U.S. Exports To China Down For The Second Consecutive Year


The trade war sent U.S. exports down for the second consecutive year, but the 11.4% contraction to states’ exports to China in 2019 might actually look good compared to what is to come this year.

A global pandemic, which started in China, is shifting supply chains and has caused a demand destruction from end-users that may not recover fully this year.

China is still the third destination for U.S. goods, trailing Canada and Mexico. They imported $105 billion worth of Made in America in 2019, according to data released yesterday by the U.S. China Business Council (USCBC) in Washington.

The USCBC blamed business uncertainties caused by the trade war for the 11% drop in trade.

“Trade generates jobs, tax revenue, and a range of economic development activities,” says Council president Craig Allen. “Now more than ever, we need sensible trade policies that continue the robust export growth that we’ve enjoyed during the last decade.” 

The Council’s report expects there was at least a 10% drop in U.S. jobs supported by China trade between 2017 and 2018. They expect the trend to continue.

Faced with lockdown quarantines on account of a virus first reported in China, the trade war with them is now a distant memory.Today In: Markets

Washington and Beijing are still discussing the already inked first round trade deal and the potential for a more significant second rounder.

Under the phase one deal, China said it would buy $200 billion worth of U.S. goods and services over what they spent in 2017, but it is unlikely to be able to pull this off as global trade has nearly ground to a halt since February with no signs yet of picking up. Merchant marine ships are sitting empty in China ports.

The Council advocates for the lifting of tariffs, something the Democratic Party is finding itself in the odd position of advocating for in an election year.

Many people from rust belt and farm belt states hit by tariffs have said in media reports over the last year that while they don’t like losing their China business, they understood the need to take China to task for its trade practices.

The top three states states that got hit the most by the trade war in terms of China sales declines were Washington, Texas and Mississippi, all tech and commodity hubs for China.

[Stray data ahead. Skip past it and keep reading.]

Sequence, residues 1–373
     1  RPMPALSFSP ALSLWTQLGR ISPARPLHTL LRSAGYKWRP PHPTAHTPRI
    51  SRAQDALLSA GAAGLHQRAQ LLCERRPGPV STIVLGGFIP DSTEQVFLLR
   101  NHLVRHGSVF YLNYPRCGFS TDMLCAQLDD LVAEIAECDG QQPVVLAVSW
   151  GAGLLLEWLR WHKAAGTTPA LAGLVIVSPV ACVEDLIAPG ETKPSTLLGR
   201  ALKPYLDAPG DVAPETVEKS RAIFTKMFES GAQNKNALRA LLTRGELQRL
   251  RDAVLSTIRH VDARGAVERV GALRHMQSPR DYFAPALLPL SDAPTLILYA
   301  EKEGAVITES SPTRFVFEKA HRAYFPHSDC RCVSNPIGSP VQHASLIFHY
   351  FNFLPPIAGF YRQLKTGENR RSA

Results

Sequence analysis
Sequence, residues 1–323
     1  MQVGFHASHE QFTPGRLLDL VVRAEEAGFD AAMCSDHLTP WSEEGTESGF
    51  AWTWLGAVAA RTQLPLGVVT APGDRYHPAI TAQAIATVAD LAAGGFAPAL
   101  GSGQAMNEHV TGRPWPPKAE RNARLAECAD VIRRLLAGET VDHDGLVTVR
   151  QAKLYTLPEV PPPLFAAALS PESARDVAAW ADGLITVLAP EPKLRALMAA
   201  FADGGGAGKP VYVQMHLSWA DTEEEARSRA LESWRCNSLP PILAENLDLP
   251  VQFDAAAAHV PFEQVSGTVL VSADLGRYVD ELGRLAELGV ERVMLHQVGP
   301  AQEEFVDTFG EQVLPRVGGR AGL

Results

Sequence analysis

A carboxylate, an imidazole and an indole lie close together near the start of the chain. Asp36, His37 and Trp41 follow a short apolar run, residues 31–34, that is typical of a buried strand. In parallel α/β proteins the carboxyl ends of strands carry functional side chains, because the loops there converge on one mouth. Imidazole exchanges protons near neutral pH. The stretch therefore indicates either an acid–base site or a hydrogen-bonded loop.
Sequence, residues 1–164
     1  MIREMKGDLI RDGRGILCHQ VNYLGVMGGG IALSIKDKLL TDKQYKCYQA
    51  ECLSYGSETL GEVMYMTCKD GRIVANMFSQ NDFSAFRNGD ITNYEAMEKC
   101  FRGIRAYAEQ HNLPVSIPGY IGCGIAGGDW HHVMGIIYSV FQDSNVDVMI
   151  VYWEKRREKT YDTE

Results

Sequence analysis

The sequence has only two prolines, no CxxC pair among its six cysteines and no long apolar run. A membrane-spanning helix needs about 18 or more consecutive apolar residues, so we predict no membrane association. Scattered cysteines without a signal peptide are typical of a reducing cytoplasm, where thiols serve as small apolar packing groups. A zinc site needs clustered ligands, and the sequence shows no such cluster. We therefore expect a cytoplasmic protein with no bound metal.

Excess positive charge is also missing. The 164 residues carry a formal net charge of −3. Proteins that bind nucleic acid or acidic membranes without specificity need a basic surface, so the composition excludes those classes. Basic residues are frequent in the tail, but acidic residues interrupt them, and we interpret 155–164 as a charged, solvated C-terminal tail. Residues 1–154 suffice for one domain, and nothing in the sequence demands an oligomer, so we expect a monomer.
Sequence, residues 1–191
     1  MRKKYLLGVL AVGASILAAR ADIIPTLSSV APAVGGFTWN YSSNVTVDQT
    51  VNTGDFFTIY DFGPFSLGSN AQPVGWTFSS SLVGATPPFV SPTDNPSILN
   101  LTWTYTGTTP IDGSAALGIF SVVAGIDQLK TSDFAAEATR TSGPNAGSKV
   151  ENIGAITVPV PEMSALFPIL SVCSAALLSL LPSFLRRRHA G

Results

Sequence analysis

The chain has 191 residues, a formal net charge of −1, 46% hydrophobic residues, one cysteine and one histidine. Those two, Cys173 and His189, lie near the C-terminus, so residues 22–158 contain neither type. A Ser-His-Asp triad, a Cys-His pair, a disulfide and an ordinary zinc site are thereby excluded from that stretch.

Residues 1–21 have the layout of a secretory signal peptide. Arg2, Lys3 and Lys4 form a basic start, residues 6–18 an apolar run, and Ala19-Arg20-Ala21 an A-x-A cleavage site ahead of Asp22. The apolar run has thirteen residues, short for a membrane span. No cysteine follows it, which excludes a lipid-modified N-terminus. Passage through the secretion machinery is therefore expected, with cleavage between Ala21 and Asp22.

Washington state saw a whopping $9.05 billion decline from 2018 China sales; Texas saw a $5.4 billion loss and Mississippi, an export hub for midwestern soybeans, saw a $730 million shortfall in 2019 compared to the prior year.

Not all states suffered, though. Some saw an increase in China-bound exports.

The top three states that saw the biggest gains thanks to China buyers were Oregon, North Carolina and South Carolina. Oregon sold $2.5 billion more to the Chinese, followed by a $1 billion increase out of North Carolina and an $880 million jump in exports in 2019 from South Carolina.

One of the more interesting takeaways is China’s trade in goods over a 10 year period counting 2010 up to 2019 is quite low comparable to other countries.

Despite China’s economy growing solidly over that period, enroute to becoming the world’s leading economy if one is to take what the Financial Times and Davos Man says as gospel, U.S. exports to China rose by 16%, the least of any country listed by the USCBC.

In the same time frame, U.S. exports to Mexico rose 54.7%, followed by South Korea at 48.7% and The Netherlands at 48.4%.

Within the BRIC countries, export growth to Brazil was 21.6%, better than China.

China stands out most in services exports, of which education and travel are top of the list. China was ranked the third largest market for American education services and travel and tourism last year, behind Canada and the U.K.

Over the 2009 to 2018 period, China services exports rose 229.6%. Chinese parents spent $13.5 billion sending their children to American schools in 2018, the most recent year for data.

Chinese students make up around one third of all international students in the U.S. Increased scrutiny of Chinese students and increasingly stringent visa requirements could lead to a decline in the next year of data and in 2020, especially if the pandemic postpones fall semesters as some schools, like Boston University recently said they are considering.

Services exports may have plateaued, anyway. From 2016 to 2018, services exports to China grew 2% on average, compared to the more than 18% average growth rate from 2009 to 2016. 

By Forbes